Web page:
Productivity Note: Three Tools, and a Funeral

I don’t often talk about tools and productivity stuff here, but I thought a quick digression would be in order. I consume a lot — okay, an awful lot — of information on a daily basis. Sometimes it gets overwhelming, and I’ll come back to that, but I thought I’d first mention a few tools that have become indispensable to me in the last year:

  • Launchy. Command-line app launcher on Windows. Lots of other versions for Mac and elsewhere, but this is the best for Windows. Lets me do things at hyperspeed without lifting a finger from the keyboard.
  • Twhirl. The best desktop Twitter client, bar none. And for those of you that don’t use Twitter, it’s sort of an experiment in open semi-synchronous chat over the Net. I use it as a kind of realtime information filtering system, and it has become crucial. Send me a note if you have questions, because it’s admittedly a baffling service when approached cold.
  • Windows Live Writer. I do all my blog posts writing & editing via … a Microsoft product. Yes, it’s true. But Windows Live Writer is all the things most Microsoft products aren’t: Fast, appropriately-featured, extensible, standards-based  and free.

And now some notes on the funeral. It has, in essence to do with Google Reader, my primary RSS reading tool. As recently as a few months ago I subscribed to something like 600 news feeds. As of today I’m down to about 150, so a host of feeds have been unceremoniously dumped.

Why? Not because of anything to do with Google Reader, per se. It has much more to do with the info-clutter. I had largely stopped going, mostly because I didn’t have time and wasn’t finding enough interesting stuff. I like TechCrunch, for example, as well as a host of blogs, but I don’t need more feeds/services telling me to go read article XYZ "your friends & colleagues are reading article XYZ". No thanks. Because if my friends and colleagues are, then there is no urgency for me to do it: The news will find me (pace Brian Stelter). Nor do I need more marginalia, with people adding fractionally to other articles without really moving the info ball, giving me investable information, or changing my worldview.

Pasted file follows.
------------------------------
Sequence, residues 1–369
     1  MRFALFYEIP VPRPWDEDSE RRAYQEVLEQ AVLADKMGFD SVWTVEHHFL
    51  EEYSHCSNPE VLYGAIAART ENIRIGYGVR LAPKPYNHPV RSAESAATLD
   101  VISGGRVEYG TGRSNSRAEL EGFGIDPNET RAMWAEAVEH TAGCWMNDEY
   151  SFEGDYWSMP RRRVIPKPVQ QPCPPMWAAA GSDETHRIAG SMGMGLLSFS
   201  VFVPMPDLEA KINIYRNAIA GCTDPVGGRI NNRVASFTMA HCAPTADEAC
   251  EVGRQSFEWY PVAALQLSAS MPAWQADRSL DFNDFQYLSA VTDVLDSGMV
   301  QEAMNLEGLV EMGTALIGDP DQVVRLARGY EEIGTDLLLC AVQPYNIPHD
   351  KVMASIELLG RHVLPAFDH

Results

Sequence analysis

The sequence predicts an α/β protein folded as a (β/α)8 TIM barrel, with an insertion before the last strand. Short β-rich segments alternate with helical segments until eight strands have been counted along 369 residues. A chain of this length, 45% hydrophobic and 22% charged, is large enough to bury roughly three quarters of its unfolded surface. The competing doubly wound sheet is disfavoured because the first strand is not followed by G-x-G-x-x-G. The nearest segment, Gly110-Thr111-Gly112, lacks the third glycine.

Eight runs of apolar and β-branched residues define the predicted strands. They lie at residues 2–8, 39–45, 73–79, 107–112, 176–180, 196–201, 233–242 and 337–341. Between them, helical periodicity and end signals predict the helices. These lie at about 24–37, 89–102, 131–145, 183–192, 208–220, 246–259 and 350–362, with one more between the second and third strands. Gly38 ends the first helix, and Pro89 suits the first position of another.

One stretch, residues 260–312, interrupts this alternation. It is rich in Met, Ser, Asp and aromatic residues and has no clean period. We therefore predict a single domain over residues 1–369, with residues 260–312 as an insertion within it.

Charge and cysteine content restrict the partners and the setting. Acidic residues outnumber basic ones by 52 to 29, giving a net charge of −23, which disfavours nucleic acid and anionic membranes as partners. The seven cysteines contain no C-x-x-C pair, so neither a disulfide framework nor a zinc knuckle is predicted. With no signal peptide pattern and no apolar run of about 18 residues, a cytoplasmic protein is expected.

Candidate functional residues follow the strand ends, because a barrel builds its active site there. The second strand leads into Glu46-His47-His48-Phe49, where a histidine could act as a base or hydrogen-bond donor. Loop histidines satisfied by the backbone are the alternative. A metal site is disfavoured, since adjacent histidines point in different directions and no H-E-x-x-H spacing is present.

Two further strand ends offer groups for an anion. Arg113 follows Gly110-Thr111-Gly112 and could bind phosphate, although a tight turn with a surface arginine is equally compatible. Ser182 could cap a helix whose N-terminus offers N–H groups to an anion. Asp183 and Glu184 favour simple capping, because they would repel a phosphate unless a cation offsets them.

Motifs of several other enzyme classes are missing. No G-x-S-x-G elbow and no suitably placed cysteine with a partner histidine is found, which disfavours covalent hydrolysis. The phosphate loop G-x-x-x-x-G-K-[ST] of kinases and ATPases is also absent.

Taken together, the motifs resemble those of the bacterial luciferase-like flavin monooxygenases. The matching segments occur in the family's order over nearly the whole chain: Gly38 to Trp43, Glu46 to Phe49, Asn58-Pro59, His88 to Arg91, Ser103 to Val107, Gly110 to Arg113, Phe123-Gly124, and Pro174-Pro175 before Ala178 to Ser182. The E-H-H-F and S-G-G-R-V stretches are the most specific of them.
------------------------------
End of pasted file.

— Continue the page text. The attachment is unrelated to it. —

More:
So I stopped reading most of it. I don’t want volume or comprehensiveness; I want surprise and interestingness. And to be even more clear, I don’t want surprise or interestingness in a Digg sense of the word, with naked nonagenarians or raccoons with their tongues stuck to metal poles, etc. I don’t want an information freak-show. I want things that I would have normally read, but wouldn’t have found, nor would have most people that I read. Something that changes the way I think.

It is all about interestingness, and algorithmic detection of interestingness remains one of the big unsolved problems out there. It’s a combination of recency, intelligence, and freshness of perspective, and it’s badly needed — and nowhere near here.


  1. Have you tried AideRSS’s (a Canadian startup) new Google reader plugin — it attempts to show interestingness algorithmically, and works seamlessly with your current google reader experience:

  2. My main gripe about Twitter is that you can’t really “talk” to people who don’t follow you. I know you can reply to anyone, but you never really know if those who don’t follow you actually saw your reply since you have to check manually for those kinds of replies. I can understand why this might be a good thing, but it’s still frustrating nonetheless. I guess I’ll just have to bombard you folks with email messages, instead.
    I’ll second the Launchy and Twhirl recommendations. I used to be an, uh, active user of ActiveWords but I’ve found Launchy to be more than adequate without getting in the way.

  3. Interestingness, hmm?
    When you say something you wouldn’t normally read or find, that’s a hard part to tackle.
    Inputs: take the data you’ve already provided regarding your interests. So you could start with a scrape of someone’s rss reader for feeds by topic (assuming tags), cross reference that with sites and stories which come up in the feeds, add keyword weighting for content from starred/bookmarked posts, scrape blogrolls on those feeds for context (and further queries), add in negative filters (some of my favorite writers have interests i do not share, i.e. LOLcatz, etc).
    Then, taking the keywords which come up in the stories you have bookmarked, and possibly a keyword list you have supplied, use an engine like persai (once it goes live) to find appropriate content along those lines.
    Difficult part to tackle would be filtering out the stories that are already on everyone’s sites, such as common news rather than research, etc. Aggregating by news item or topic to give an easily parsed feed can be a bit of a mess.
    Other more social filters would include maybe screen for stories with comments by people you also favorite (on post), and pick stories which receive either more than normal amounts of comments/trackbacks (or less, depending on your tastes, and always norm-referenced for that particular feed)
    Doable, I suppose. ping me if anyone offers to tackle that beast.

  4. paul, try pinging the guys at Persai (formerly of Uncov fame). They are all about uncovering “interestingness” in an over reported world.

  5. Sweet, that’s the second time I’ve seen the word “marginalia” today (and the only two sightings ever). Leo Laporte used it over on TWiT (admittedly, it was in regard to Mad Magazine, but still a high degree of interestingness)

  6. What about the “Friends’ shared items” in Google Reader? Or subscribing to the shared items feed from other people who read a lot and let them act as a filter. I’ve gotten a lot of interesting news that way, without having to follow all those obscure feeds.